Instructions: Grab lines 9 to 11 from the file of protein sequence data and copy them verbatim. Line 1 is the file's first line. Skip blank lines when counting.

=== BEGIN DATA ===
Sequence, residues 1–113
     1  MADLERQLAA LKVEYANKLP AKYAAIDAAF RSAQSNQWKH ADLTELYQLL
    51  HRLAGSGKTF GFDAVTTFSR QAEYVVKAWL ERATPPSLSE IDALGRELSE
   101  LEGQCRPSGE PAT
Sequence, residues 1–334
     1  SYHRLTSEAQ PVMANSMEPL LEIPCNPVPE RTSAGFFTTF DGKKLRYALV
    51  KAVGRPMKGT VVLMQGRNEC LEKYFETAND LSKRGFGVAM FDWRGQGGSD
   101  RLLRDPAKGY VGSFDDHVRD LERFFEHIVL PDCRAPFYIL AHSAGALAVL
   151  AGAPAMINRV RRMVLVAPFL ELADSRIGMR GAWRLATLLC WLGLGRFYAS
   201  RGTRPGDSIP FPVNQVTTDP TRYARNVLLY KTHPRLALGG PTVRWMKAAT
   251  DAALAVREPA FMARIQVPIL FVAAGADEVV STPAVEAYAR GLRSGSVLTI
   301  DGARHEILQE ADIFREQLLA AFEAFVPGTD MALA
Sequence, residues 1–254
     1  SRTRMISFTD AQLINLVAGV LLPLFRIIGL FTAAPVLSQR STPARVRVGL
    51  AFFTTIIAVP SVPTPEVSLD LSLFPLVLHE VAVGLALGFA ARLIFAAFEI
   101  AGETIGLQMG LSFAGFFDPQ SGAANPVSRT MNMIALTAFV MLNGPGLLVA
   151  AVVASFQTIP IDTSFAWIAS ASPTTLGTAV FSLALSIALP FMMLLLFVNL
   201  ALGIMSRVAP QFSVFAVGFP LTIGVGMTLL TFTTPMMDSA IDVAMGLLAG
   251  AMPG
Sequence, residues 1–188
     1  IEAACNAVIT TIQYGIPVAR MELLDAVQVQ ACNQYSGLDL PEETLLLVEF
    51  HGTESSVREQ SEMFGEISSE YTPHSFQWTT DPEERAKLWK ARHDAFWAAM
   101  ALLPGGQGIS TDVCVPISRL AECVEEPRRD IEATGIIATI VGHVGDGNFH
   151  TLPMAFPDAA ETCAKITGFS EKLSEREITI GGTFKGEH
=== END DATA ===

   151  AGAPAMINRV RRMVLVAPFL ELADSRIGMR GAWRLATLLC WLGLGRFYAS
   201  RGTRPGDSIP FPVNQVTTDP TRYARNVLLY KTHPRLALGG PTVRWMKAAT
   251  DAALAVREPA FMARIQVPIL FVAAGADEVV STPAVEAYAR GLRSGSVLTI